William Cordova rarely stays put.

Though he's based in Miami and New York, change is a constant for this Peruvian-born artist. Since 2004, he's taken part in some 15 artist residencies in this country and Europe. Venues featuring his art in 2018 include Pérez Art Museum Miami.

"I think William's practice really represents a new type of perspective in terms of art making  in the United States. He was born in Lima and he came to the U.S. when he was 8. Then he was here in Miami for most of his life until he started doing residencies and moving all around," said PAMM associate curator María Elena Ortiz. "He's very much a hybrid individual." 

Ortiz spoke to me about William Cordova during an interview on August 28, 2017, at PAMM. She is organizing his April 2018 survey for PAMM, "now's the time: narratives on southern alchemy." As someone familiar with the American South as well as more southern regions like the Caribbean and Latin America, Cordova "comes from multiple lineages, multiple cultures," Ortiz said.

On view at PAMM will be Badussy (or machu pichu after dark), a film running about two minutes that's been transferred to digital video. Exploring indigenous rituals honored in Peru, it shows a woman sitting on a fence as she weaves. Distinctive sounds of Andean flute music can be heard. Explained Ortiz, it creates an "oneiric image."

Since August, Cordova's nomadic schedule includes travel to receptions for solo shows at his gallery in Lima and at Marfa Contemporary in Texas. November will find him at the opening of Prospect New Orleans, Prospect.4. As a member of the triennial's Artistic Council, he said he suggested not only visual artists but also poets, choreographers, filmmakers, musicians and performing artists to participate.

In tandem with frequent travel, Cordova makes time to mentor younger artists through studio visits and talks, with lectures planned at universities in Kansas City, Iowa City, Lincoln, and Chicago. "As I kept doing residencies, I became a lot more informed," he said. "I wanted to share that information with younger artists."

Born in Lima in 1969, Cordova moved with his family to the Miami area in 1977. The transition was tough, he remembered. It was necessary for the family to move back and forth from Lima several times. I caught up with him by phone on August 1, 2017, when he was in Greensboro, North Carolina, for an artist residency at Elsewhere.

"In Peru and Miami," he said, "we moved around so much. I was never able to make friends as much." Public school in Miami was discouraging. "I was very slow in learning anything … My grades were terrible. I failed 11th grade due to bad math class grades. The only things I ever excelled at were visual art and writing. My spelling and grammar were terrible, though," he wrote in an email.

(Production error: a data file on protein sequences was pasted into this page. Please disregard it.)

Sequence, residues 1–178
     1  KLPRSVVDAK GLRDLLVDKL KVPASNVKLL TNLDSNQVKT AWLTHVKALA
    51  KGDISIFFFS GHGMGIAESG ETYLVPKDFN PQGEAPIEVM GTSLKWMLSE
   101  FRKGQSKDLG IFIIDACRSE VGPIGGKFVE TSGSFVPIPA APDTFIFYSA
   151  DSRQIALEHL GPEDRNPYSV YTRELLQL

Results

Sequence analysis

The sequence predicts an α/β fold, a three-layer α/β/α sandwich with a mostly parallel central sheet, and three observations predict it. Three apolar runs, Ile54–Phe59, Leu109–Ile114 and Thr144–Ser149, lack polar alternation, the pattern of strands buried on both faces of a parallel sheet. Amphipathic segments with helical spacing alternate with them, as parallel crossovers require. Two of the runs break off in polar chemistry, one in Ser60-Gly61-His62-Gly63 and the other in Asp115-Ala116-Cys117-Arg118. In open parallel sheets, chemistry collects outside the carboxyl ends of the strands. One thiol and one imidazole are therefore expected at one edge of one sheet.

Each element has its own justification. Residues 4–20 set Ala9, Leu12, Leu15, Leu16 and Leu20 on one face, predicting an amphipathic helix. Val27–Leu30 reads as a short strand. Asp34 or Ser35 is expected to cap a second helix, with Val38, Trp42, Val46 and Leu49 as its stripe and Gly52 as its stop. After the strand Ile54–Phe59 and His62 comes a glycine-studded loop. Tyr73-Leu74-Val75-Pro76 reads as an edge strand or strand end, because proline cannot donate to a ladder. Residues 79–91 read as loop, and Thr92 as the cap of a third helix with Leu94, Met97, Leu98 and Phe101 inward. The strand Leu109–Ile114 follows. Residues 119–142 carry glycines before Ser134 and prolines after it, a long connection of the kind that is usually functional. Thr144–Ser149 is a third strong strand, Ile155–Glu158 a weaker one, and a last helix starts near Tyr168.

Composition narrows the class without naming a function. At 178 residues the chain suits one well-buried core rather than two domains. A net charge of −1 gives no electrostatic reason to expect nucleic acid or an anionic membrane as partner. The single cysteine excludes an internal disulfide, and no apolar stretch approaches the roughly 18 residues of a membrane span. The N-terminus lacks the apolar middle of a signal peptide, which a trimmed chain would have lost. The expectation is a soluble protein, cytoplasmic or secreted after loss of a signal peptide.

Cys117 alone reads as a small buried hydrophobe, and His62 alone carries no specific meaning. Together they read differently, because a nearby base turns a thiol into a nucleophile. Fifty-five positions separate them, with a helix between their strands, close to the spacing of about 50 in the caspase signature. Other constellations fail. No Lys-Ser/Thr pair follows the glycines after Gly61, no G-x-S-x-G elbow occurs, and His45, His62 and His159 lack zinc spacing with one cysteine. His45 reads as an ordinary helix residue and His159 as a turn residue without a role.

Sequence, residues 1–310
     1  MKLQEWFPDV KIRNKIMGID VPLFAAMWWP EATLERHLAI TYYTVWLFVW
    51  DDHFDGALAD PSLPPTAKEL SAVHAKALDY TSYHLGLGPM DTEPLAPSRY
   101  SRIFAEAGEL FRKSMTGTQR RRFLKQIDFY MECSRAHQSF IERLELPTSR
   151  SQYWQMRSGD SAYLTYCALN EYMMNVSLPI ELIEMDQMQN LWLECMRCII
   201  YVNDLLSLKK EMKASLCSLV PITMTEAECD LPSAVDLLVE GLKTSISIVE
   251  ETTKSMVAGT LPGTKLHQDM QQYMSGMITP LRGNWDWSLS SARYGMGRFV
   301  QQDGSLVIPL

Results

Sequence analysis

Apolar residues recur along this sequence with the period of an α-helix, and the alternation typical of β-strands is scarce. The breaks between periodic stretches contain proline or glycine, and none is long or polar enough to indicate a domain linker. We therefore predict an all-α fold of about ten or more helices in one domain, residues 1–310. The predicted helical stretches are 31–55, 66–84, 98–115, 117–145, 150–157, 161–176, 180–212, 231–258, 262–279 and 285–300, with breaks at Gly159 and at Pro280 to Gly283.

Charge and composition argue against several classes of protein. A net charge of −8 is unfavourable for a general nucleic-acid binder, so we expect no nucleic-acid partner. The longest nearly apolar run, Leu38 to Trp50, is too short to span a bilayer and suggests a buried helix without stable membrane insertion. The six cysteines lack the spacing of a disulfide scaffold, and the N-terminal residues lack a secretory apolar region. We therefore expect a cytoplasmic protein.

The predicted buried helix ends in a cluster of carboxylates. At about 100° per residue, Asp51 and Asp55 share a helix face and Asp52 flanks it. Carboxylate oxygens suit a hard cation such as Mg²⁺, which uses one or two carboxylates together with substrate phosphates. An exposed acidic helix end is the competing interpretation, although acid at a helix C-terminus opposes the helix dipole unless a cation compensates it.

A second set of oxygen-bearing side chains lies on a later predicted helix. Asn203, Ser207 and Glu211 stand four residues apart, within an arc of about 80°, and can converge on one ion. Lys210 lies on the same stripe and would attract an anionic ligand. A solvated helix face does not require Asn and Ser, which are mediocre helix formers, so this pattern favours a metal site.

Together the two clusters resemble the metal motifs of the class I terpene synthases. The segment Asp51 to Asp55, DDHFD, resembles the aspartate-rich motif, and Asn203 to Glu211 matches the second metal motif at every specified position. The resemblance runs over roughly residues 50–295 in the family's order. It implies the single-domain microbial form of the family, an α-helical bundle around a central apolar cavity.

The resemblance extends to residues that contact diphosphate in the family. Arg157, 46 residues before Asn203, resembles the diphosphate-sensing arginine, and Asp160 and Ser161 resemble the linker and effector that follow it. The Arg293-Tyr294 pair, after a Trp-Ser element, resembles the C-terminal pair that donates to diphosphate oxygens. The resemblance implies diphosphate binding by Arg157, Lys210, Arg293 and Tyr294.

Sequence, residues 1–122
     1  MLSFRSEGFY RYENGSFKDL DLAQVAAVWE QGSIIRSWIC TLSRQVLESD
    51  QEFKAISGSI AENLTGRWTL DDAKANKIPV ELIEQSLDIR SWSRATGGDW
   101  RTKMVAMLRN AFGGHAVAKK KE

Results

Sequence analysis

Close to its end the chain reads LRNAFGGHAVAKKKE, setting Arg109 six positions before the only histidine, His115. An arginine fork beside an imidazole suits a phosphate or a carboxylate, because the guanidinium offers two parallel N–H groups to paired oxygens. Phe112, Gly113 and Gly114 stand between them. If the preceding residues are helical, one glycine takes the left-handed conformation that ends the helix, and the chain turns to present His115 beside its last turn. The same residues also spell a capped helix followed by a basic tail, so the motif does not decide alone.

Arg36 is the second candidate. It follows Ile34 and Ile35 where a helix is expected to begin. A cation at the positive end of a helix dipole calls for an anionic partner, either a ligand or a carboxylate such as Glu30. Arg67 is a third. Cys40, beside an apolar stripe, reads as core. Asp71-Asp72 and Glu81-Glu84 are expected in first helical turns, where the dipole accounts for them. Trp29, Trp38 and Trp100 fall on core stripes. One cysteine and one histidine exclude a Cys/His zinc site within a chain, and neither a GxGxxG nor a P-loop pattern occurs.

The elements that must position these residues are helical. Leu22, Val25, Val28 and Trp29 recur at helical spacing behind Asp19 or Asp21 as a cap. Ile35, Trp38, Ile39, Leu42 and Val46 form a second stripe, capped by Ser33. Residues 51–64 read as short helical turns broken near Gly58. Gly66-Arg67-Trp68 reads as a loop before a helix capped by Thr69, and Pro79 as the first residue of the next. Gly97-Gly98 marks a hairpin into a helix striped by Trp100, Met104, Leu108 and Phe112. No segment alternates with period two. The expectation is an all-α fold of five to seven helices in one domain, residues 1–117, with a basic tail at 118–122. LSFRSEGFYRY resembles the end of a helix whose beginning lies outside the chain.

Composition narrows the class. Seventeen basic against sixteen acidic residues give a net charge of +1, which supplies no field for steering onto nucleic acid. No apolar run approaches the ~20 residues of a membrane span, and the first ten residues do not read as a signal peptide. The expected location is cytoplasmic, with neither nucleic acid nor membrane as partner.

Early on he was drawn to creative pursuits and books like Orwell's “Animal Farm.”  No wonder his current calendar echoes to some extent his nomadic experience growing up. In high school he started drawing political cartoons, which he continued at Miami Dade College.

About that time Cordova put up striking anonymous posters in city buses. They presented his staged photograph of a soft drink can, painted white and seemingly bullet scarred and dripping with blood. It was paired with his angry poetry, alluding to violence he had witnessed in tough Miami neighborhoods. This public transit "guerilla action" prompted an MDC professor to nominate him for a college scholarship, he explained via email.   

As time went by, Cordova's wanderlust, social consciousness, and diverse background fomented ideas for excelling as an artist with international credentials.

"For me, there is always my triple heritage, which is the 3 A's: Andean, African, Asian," he said, easily slipping into a brief discussion of the layered history of Latin America. "The Asian presence has been in Latin America since the early colonial period, with the Chinese coolie. The Japanese were coming to Peru in more the mid to late 1800s. That's why we have ceviche," he added, with an amused nod to the popularity of Peruvian ceviche restaurants in Miami.